GoResponse Telephone Answering Service Staff

Tackle agent health to reduce attrition

Depositphotos_25727499_m-2015A study conducted in 2011 found that the average “voluntary resignation rate” in the UK is 7.9 per cent. However, ContactBabel’s 2014 HR & Operational Benchmarking report showed the call centre industry experiencing an attrition rate closer to 19 per cent. This clearly supports the common knowledge that telephone answering services often struggle to hold onto employees. One thing that can lead people to leave is poor health, and by tackling this head on, call centres can keep agents happy and healthy.

One common problem in call centre agents is health issues affecting the voice. Agents spend a lot of their time talking, and even though this has decreased somewhat thanks to the rise in social media, there is still a lot of talking going on. In fact, ContactBabel said that agents are answering calls 27 per cent faster on average than they did in previous studies.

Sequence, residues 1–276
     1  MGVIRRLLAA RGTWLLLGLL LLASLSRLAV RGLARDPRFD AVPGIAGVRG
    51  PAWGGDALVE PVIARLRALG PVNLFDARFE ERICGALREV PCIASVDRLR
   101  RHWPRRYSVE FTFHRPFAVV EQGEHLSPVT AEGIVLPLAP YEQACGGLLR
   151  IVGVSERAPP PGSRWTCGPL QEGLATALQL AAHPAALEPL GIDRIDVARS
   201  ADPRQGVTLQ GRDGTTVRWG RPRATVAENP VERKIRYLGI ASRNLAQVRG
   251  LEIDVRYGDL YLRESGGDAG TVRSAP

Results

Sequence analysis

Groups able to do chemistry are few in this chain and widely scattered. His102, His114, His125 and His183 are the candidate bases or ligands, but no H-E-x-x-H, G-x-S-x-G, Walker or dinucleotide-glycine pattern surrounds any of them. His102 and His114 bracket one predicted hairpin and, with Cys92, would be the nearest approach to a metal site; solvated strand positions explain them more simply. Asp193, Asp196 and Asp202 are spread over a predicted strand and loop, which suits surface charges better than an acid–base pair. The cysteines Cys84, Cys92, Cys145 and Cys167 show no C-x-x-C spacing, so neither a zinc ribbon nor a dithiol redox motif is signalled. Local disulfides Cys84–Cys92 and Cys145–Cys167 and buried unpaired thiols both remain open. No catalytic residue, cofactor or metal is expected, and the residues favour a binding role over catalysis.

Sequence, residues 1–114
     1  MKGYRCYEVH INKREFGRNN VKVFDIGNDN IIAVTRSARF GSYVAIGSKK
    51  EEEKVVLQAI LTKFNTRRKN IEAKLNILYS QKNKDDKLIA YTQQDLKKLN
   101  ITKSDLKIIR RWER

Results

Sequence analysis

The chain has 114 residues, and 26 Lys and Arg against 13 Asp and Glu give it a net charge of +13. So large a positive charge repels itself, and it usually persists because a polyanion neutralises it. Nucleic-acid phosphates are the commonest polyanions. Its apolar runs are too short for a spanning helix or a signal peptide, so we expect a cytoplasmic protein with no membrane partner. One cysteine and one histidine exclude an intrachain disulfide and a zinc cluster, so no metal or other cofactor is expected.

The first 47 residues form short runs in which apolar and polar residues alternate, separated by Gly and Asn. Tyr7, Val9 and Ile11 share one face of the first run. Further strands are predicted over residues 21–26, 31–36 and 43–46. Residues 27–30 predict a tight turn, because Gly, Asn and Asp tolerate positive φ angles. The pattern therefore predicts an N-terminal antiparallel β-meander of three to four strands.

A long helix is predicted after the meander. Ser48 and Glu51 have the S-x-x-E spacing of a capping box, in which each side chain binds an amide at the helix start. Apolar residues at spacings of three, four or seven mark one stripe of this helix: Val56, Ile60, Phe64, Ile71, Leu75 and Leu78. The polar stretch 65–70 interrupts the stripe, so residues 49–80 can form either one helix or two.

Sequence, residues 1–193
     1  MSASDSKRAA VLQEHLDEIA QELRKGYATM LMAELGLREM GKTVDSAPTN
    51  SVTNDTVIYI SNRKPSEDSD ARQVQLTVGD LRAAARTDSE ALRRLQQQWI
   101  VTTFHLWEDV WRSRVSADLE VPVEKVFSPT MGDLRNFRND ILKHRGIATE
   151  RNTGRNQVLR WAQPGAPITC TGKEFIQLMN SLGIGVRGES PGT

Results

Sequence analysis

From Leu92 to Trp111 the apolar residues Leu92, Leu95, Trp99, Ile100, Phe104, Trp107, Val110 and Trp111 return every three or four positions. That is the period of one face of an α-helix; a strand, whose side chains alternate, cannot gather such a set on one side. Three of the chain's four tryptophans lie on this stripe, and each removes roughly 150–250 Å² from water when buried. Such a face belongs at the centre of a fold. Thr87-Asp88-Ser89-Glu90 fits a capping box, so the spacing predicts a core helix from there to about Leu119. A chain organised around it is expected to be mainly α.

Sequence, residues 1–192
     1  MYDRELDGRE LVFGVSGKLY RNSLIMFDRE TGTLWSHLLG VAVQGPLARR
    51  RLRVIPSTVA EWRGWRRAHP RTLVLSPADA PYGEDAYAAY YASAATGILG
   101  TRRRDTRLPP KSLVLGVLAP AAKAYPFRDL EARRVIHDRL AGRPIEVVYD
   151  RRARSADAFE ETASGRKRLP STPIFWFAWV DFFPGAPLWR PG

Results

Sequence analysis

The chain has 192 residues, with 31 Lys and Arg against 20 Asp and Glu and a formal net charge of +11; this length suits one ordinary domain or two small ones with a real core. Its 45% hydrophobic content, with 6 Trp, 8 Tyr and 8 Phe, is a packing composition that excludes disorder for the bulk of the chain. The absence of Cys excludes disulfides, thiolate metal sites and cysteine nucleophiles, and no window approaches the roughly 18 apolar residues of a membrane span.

Research from the Institute of Occupational Safety and Health (IOSH) found that 11 per cent of workers from 14 contact centres had received voice disorder diagnoses, whilst a further 10 per cent said their performance at work was affected by voice issues. Voice problems go beyond sore throats; they can include smarting, tension, pain, burning, croakiness, pitch changes and swelling.

There are ways to help agents with these issues. Cleanliness is vital, so antibacterial wipes and hand gel can be provided to help prevent the spread of colds and illness. Straining should be minimised by providing a quiet place for people to work, whilst employees should be reminded to drink frequently. Meanwhile, union Unite also recommends that every call centre create higher humidity levels in the workplace to aid dry eyes and abused throats. Finally, agents should be offered vocal management advice to help them remain healthy and productive.

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